I've been working on a sort of 'side project' recently which involves learning more about the Middle East. I'm particularly interested in the historical connections between what we see happening now in places such as Syria and Iraq, and the dissolution and carving up of the Ottoman Empire after WW1. I'm also interested in Turkey, one of the most powerful and relatively stable states to form out of the ruins of the Ottoman Empire. As I wrote a couple of years ago, it was the experience of travelling in Turkey and seeing all of the massive monuments dedicated to Kemal Ataturk which got me thinking about the strange and disturbing reality of the New Zealand Anzac tradition.
[In no other theater of World War I are the results of that epochal conflict still as current as they are in the Middle East. Nowhere else does the early 20th century orgy of violence still determine political conditions to the same degree. The so-called European Civil War, a term used to describe the period of bloody violence that racked Europe from 1914 onwards, came to an end in 1945. The Cold War ceased in 1990. But the tensions unleashed on the Arab world by World War I remain as acute as ever. Essentially, the Middle East finds itself in the same situation now as Europe did following the 1919 Treaty of Versailles: standing before a map that disregards the region's ethnic and confessional realities. see more here
So far I haven't really done too much justice to this project. I do my best to keep up with current events in the Middle East, but frequently struggle to make sense of the stories I read in the press. When it comes to Turkey I feel I have some sort of insight into the situation there, and a sense of its history. Having said that, I would like to know a lot more about how the Anzac centenary is seen by the Turkish people(s), and how the Anzac centenary is seen by the Turkish state. Rather than the mournful and somber tone of 21st century New Zealand nationalism, the Turkish state is (from what I could see when travelling there) still keen to tap into a very militaristic, proud and triumphant sort of nationalism which derives directly from Ataturk.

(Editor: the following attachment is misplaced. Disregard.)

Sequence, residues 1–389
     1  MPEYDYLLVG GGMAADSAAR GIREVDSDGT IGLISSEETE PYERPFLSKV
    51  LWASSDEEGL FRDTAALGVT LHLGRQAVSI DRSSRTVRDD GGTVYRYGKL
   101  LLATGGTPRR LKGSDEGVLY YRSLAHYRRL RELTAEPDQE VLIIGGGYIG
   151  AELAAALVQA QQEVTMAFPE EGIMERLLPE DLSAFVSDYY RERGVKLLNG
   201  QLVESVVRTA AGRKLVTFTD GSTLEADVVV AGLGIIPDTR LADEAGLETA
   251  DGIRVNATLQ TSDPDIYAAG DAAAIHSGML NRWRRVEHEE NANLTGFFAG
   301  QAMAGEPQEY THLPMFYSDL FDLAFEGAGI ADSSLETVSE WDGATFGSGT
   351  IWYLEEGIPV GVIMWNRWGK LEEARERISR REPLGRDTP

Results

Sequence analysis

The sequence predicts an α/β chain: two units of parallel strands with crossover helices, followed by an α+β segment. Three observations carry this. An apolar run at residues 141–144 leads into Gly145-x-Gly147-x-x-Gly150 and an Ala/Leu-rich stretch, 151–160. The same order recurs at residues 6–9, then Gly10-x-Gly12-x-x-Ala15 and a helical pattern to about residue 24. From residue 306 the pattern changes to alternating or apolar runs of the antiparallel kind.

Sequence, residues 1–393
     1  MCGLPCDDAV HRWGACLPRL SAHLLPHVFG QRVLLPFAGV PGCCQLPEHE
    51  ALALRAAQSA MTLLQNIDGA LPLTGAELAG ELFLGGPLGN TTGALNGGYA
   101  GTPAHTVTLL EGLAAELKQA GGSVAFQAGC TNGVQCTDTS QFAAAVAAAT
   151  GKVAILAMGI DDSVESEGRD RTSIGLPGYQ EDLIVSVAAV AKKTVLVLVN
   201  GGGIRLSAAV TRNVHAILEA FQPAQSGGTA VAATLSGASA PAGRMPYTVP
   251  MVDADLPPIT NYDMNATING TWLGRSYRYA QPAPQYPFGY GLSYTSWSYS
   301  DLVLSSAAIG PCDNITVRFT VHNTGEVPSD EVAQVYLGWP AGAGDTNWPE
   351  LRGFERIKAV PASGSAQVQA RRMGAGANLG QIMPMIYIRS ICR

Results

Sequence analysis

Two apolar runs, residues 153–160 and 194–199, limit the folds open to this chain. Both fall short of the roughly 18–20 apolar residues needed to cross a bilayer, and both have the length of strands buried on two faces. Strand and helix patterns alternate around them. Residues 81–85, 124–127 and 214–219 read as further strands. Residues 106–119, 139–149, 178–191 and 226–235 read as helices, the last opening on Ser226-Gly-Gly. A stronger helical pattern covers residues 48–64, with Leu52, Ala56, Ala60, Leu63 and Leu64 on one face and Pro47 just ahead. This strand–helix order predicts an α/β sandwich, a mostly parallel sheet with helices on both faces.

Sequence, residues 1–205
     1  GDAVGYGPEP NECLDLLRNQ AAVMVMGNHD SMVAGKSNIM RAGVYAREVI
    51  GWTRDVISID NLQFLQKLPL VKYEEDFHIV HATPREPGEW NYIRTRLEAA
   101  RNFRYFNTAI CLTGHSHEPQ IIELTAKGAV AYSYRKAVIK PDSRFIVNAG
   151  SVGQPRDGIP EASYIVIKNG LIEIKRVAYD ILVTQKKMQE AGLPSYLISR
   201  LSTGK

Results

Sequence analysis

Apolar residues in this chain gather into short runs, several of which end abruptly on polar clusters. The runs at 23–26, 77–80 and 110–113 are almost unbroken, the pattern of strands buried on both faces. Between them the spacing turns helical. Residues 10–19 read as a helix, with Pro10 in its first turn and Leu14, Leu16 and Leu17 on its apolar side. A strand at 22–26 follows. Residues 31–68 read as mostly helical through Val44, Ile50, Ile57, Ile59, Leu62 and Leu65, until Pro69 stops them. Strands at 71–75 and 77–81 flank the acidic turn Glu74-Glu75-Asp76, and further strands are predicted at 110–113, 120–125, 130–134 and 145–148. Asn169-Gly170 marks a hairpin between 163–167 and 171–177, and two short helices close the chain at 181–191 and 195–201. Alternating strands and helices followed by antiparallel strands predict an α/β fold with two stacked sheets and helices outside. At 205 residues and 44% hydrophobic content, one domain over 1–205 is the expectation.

Interestingly, as this recent Herald article states, Turkey did not always pay too much attention to Gallipoli as a part of its own remembrance tradition. Ataturk did not take up the reins of power immediately after defeating the Allies in 1915 at Gallipoli. He had to wait several more years, until 1923, before the modern state of Turkey was born. The period between 1919 and 1923 is called the Turkish War of Independence. According to the Herald article:
"Although popular Turkish remembrance and commemoration of the Gallipoli campaign started with the war-period propaganda and myth-making, the Independence War proved to be more important with its peculiar myths and legends," said Mr Uyar, whose new book, The Ottoman Defence Against the Anzac Landing is the first detailed account of the landing from the Turkish perspective to be published in English.